The court looked closely a Torres, a situation in which “the plaintiff was sitting on a swing while watching a softball game at a municipal softball complex, and she was injured when the swing broke. Id. at 612; Torres v. City of Bellmead, 40 S.W.3d 662, 663 (Tex. App.–Waco 2001), rev’d, 89 S.W.3d 611 (Tex. 2002). In determining that the plaintiff’s sitting on a swing is recreation, the Supreme Court focused only on the plaintiff’s swing-sitting. Torres, 89 S.W.3d at 614-15. It did not factor in her purpose for sitting on the swing–to watch a softball game. We believe that the same result is warranted in this case.
“Anderson is correct that the Legislature included a list of specific activities as recreation and that watching competitive sports outdoors is not one of them. But the Legislature included ‘any other activity associated with enjoying . . . the outdoors,’ and that broad language evinces an intent to include myriad other activities as recreation. See Kopplin v. City of Garland, 869 S.W.2d 433, 441 (Tex. App.–Dallas 1993, writ denied); Martinez v. Harris County, 808 S.W.2d 257, 259 (Tex. App.–Houston [1st Dist.] 1991, writ denied) (same), overruled on other grounds by City of Dallas v. Mitchell, 870 S.W.2d 21 (Tex. 1994).
“Courts have found a number of unlisted activities to be recreation. E.g., Torres, 89 S.W.3d at 615 (sitting on a swing at city softball complex); City of Edinburg v. Vasquez, 2005 Tex. App. LEXIS 10255, 2005 WL 3312976, (Tex. App.–Corpus Christi Dec. 8, 2005, no pet.) (mem. op.) (using playground equipment in city park); City of Galveston v. Garza, 2003 Tex. App. LEXIS 7255, 2003 WL 21994741 (Tex. App.–Waco Aug. 20, 2003, pet. denied) (mem. op.) (acknowledging that parking or driving on pier was recreational); Garcia v. City of Richardson, 2002 Tex. App. LEXIS 5556, 2002 WL 1752219 (Tex. App.–Dallas July 30, 2002, pet. denied) (participating in informal soccer game while attending picnic and baby shower at city park); City of Lubbock v. Rule, 68 S.W.3d 853, 858 (Tex. App.–Amarillo 2002, no pet.) (“That journeying to a park to enjoy its facilities and playground equipment is akin to ‘picnicking’ . . . and within the category of an ‘activity associated with enjoying nature or the outdoors’ cannot reasonably be disputed.”), overruled in part on other grounds by State v. Shumake, 199 S.W.3d 279 (Tex. 2006); Flye v. City of Waco, 50 S.W.3d 645, 647 (Tex. App.–Waco 2001, no pet.) (acknowledging that use of playground equipment, a swing, at city park was within statutory definition of recreation); Kopplin, 869 S.W.2d at 441 (playing on playground equipment on city playground was “recreational activity” contemplated under recreational use statute); Martinez, 808 S.W.2d at 259 (swinging on swing-set in county park was “recreational activity” contemplated under recreational use statute).”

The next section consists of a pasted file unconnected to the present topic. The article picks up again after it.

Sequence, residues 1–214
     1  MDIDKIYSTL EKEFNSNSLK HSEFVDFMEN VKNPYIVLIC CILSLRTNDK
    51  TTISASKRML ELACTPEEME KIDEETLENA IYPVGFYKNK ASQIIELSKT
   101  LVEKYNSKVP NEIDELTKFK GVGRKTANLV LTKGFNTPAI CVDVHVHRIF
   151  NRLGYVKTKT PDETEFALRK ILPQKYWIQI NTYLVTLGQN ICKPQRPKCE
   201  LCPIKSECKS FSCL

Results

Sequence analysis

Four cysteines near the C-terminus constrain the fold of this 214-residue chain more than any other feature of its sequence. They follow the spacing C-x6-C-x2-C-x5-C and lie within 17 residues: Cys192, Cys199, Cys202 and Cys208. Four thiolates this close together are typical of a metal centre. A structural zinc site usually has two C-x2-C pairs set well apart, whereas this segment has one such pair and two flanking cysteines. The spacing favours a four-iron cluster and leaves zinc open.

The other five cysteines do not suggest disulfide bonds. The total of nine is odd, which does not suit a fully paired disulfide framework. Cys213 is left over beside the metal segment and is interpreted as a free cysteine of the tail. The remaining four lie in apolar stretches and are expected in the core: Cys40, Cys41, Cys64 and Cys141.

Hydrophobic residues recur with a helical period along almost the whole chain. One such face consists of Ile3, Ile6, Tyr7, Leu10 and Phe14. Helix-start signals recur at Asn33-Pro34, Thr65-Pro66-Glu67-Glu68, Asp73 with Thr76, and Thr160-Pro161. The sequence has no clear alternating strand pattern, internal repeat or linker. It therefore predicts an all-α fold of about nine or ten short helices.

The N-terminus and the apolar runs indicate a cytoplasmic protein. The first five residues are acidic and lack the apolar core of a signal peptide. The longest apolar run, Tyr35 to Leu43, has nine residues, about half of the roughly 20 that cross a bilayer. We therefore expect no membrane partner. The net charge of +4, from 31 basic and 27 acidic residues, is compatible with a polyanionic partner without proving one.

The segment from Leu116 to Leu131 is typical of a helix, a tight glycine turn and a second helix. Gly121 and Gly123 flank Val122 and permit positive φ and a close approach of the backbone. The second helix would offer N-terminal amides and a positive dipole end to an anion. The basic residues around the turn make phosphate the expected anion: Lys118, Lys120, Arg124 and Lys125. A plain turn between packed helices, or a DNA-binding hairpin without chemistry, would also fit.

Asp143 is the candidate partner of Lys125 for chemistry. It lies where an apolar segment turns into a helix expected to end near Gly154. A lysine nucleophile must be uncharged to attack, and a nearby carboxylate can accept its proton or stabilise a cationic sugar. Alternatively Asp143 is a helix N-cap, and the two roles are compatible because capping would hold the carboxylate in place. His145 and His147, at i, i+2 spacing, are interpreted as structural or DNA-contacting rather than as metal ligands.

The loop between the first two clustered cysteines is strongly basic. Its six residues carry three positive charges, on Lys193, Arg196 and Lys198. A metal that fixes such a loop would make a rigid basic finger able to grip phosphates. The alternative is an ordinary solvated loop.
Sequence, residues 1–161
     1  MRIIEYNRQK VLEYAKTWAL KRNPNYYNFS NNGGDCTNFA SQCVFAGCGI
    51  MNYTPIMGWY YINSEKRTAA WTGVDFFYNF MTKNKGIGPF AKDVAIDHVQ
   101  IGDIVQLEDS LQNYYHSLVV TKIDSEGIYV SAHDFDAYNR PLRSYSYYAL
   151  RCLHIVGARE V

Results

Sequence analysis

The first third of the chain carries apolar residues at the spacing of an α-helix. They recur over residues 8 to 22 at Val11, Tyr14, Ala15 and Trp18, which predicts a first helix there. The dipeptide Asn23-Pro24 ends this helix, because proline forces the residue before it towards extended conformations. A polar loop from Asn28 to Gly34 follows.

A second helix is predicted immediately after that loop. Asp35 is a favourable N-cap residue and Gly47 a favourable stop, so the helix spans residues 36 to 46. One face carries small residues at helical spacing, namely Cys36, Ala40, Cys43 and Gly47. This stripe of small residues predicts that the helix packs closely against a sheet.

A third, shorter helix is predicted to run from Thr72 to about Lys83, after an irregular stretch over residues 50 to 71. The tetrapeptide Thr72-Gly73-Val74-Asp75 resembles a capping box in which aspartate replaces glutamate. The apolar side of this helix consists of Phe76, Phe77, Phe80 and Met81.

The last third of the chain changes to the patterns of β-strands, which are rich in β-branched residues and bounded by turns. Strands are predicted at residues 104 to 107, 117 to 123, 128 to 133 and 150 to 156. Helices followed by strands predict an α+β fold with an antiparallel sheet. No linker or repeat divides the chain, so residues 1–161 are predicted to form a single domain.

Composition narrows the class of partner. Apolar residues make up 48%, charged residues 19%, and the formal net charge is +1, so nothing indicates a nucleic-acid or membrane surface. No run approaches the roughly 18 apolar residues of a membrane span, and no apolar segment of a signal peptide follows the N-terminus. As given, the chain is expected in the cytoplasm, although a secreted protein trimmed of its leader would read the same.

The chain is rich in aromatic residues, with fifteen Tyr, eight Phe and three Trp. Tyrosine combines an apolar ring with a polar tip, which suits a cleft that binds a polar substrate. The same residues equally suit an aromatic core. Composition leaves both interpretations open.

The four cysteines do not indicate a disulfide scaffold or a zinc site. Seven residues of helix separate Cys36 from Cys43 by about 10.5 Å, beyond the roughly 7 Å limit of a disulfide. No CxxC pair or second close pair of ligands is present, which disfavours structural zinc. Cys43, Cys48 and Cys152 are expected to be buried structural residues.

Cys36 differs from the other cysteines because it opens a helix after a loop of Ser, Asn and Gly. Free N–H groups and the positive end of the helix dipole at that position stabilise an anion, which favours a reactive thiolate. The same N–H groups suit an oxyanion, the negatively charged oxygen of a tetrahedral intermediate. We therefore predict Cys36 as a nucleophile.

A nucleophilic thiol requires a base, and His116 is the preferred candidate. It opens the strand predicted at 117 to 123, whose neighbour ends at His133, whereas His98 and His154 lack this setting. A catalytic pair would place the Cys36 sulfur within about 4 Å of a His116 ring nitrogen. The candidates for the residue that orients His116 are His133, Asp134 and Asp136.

The appeals court added that the definition of “recreation” is also broad:
1. refreshment by means of some pastime, agreeable exercise, or the like,
2. a pastime, diversion, exercise or other resource affording relaxation and enjoyment.
“WEBSTER’S UNABRIDGED DICTIONARY 1613 (Random House 2001). And ‘pastime’ is defined as ‘something that serves to make time pass agreeably; a pleasant means of amusement, recreation, or sport.’ Id. 1419.
“We hold that Anderson’s sitting on bleachers at an outdoor baseball stadium and watching baseball is within the type of activity ‘associated with enjoying . . . the outdoors’ and is a form of recreation under section 75.001(3)(L).”
Sam Houston State University v. Thomas G. Anderson; Ct. App. of Texas, 10th Dist., Waco; No. 10-07-00403-CV, 2008 Tex. App. LEXIS 8614; 11/12/08